black and white

B+W ND 3.0 MRC Filter

I finally got to take a little vacation and decided to do some shooting along the way.  Along with my truckload of gear I brought along a new toy: the B+W ND 3.0 MRC filter.  I picked up one from B&H last week.  It is a neutral density filter, but just not any neutral density filter.  It decreases the light coming through the lens of the camera by a whopping 10 stops (even more if stacked with other filters like polarizers).  Why on earth would you want to reduce light transmission 10 stops you might ask??  From what I understand, this filter was made for astronomical sun studies, welding applications, anything that would involve photographing insanely bright things.  Along the way, photographers discovered this filter had another use.  It allows you do long exposure shots in broad daylight!  Imagine the kinds of things you can do with 30 second exposures in broad daylight!  Unfortunately this specialty filter does not come without any caveats.  There are two issues with such a dense filter.  First, seeing through the lens is damn near impossible with the filter attached.  Second, autofocus is also rather difficult.  You also have to use a tripod for the kind of work I'm interested in.  What you end up having to do is composing your scene and focusing with the filter detached, putting on the filter, and then hitting the shutter.  Your camera may also have difficulty metering so there's going to be some trial and error getting the correct exposure.  It's definitely not a filter for the lazy but I've had a lot of fun with it so far.  Here are some examples from flickr that people have shot and below you can see some I took today.  I'm hoping to get more shots with the filter while I'm down on the coast (it's great for moving water) so stay tuned! Pics taken with Nikon D300, Nikkor 10-22mm f/3.5-4.5 DX, 77mm Hoya UV, 77mm B+W ND 3.0 MRC at ISO 100, F/8, 30 seconds (at around 5 pm).  Post processing done with Adobe Lightroom 2.x, Photoshop CS5, Nik Dfine and Silver Efex Pro. [gallery]

Nik Silver Efex Pro

Many photographers, such as myself, initially learned on 35mm black and white film.  Black and white still holds a special place in my heart.  Although modern dSLRs take color pictures by default,  color pictures can be converted to black and white by any number of techniques.  Whether you choose to do in camera conversion or conversion in software in post, all that inevitably matters is that you get the look you want.  I choose to take the software conversion route.  The advantage of converting in post is whether you take the image intending to be black and white or simply stumble on it in post as a result of playing around, you always have the original color image if you want it.  Awhile ago I purchased the Nik Software Complete Collection which is a plug in collection for Lightroom, Aperture, and Photoshop.  One of the included plug ins is Silver Efex Pro, a black and white conversion tool.  I have been playing around with it more and I think its pretty fantastic.  You have a lot of control over the look of your conversion, from film stock emulation to tone curve control to the hue of the paper.  Lots of control can be kinda intimidating but it's a good thing in the end.  When we're talking "shades of gray", more subtle changes are often needed to get the look you want or to make your image stand out.  Subtle changes require finer control over the parameters of your image that you manipulate.   Below are some examples that I played around with tonight for your enjoyment.  If you would like to try out Silver Efex Pro, trial software downloads can be found at Nik Softwares website here.  The current software version is Silver Efex Pro 2.0, the examples below were created in 1.0. Camera: Nikon D7000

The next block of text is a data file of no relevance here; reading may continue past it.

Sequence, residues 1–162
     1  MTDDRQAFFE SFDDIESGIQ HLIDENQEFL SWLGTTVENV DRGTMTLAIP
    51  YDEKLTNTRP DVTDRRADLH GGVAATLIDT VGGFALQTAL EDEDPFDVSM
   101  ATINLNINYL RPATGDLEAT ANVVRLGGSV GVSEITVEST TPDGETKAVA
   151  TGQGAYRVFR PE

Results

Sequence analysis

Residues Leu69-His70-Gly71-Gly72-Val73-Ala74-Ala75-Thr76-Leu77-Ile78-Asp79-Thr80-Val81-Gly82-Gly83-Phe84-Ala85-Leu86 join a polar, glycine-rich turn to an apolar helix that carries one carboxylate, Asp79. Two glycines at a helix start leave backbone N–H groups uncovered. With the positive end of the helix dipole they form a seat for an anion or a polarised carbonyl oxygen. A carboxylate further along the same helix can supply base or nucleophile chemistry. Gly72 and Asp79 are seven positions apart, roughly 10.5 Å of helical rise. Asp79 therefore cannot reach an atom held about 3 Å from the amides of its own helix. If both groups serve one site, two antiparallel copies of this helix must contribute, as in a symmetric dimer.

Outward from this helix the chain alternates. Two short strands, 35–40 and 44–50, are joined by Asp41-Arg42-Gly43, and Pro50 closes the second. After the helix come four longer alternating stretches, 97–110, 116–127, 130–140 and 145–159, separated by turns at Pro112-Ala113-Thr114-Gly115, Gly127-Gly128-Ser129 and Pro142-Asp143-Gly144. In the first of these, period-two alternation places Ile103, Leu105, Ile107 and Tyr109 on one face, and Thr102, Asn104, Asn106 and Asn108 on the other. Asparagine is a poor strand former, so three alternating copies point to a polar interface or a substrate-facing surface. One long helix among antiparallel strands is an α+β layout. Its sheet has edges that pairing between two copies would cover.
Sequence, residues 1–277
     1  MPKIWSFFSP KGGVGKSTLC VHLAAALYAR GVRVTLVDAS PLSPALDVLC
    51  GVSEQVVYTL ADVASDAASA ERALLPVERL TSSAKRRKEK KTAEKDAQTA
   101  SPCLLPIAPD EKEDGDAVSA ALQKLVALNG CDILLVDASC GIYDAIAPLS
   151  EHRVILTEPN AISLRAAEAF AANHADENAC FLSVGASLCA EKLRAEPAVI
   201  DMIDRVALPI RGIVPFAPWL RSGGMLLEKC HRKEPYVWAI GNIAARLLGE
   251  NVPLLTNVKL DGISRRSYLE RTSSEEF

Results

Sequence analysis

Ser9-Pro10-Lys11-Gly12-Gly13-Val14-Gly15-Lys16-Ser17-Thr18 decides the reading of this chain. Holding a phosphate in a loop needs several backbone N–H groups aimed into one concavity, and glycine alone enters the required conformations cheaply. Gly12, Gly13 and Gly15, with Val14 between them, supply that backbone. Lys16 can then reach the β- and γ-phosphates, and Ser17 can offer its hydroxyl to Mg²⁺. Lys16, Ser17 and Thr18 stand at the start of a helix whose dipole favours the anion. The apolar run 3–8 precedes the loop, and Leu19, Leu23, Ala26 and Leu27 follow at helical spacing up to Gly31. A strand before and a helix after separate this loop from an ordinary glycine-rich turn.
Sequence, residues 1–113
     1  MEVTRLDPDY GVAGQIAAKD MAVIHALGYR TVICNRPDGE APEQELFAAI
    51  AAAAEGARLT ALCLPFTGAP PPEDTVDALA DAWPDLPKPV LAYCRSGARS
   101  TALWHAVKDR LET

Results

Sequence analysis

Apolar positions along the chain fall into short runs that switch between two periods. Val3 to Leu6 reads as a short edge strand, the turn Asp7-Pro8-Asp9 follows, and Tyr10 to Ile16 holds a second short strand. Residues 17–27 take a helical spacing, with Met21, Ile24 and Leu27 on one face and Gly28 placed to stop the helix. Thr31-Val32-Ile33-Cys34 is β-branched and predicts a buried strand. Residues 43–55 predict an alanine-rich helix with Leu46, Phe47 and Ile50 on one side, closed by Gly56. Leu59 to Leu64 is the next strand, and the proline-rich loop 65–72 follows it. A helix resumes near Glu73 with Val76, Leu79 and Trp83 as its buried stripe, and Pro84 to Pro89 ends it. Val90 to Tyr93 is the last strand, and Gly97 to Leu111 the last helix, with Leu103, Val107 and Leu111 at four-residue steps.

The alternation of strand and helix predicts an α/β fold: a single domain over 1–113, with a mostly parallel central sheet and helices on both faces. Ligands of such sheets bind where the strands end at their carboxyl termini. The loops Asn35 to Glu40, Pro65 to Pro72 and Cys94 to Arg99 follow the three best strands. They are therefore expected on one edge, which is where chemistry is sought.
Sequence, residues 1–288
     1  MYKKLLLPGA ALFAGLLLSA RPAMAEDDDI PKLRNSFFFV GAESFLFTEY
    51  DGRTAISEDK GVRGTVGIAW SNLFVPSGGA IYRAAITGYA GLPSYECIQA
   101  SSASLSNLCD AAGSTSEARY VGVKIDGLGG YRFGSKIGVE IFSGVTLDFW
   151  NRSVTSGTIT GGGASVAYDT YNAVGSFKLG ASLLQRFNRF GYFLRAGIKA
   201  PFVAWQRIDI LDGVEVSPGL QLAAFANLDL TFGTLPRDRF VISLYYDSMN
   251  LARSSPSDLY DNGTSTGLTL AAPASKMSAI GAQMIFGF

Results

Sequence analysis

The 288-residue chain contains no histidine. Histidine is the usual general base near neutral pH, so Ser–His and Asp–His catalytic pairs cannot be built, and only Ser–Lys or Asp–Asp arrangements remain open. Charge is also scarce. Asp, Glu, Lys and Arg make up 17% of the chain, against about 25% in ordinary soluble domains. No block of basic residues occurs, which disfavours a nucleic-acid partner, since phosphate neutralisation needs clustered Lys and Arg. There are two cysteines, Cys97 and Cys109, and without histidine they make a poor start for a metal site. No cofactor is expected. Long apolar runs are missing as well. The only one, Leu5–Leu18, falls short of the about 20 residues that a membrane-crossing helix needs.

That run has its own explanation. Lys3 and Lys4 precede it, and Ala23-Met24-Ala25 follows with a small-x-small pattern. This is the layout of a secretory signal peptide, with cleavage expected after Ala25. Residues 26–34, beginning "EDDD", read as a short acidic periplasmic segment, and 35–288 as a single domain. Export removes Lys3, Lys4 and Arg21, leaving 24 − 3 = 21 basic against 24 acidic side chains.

Lens: Nikon AF-S VR Micro-NIKKOR 105mm f/2.8G IF-ED


-pictures taken as .NEF sRGB and converted to .DNG using Adobe DNG converter

-.DNG files imported into Adobe Lightroom v2.7

-initial contrast/exposure/hue/cropping performed in Lightoom

-black and white conversion and processing done with Nik Silver Efex Pro 1.0 Lightroom Plug-in

-watermark created with Adobe Illustrator CS5 and added to picture as smart object in Adobe Photoshop CS5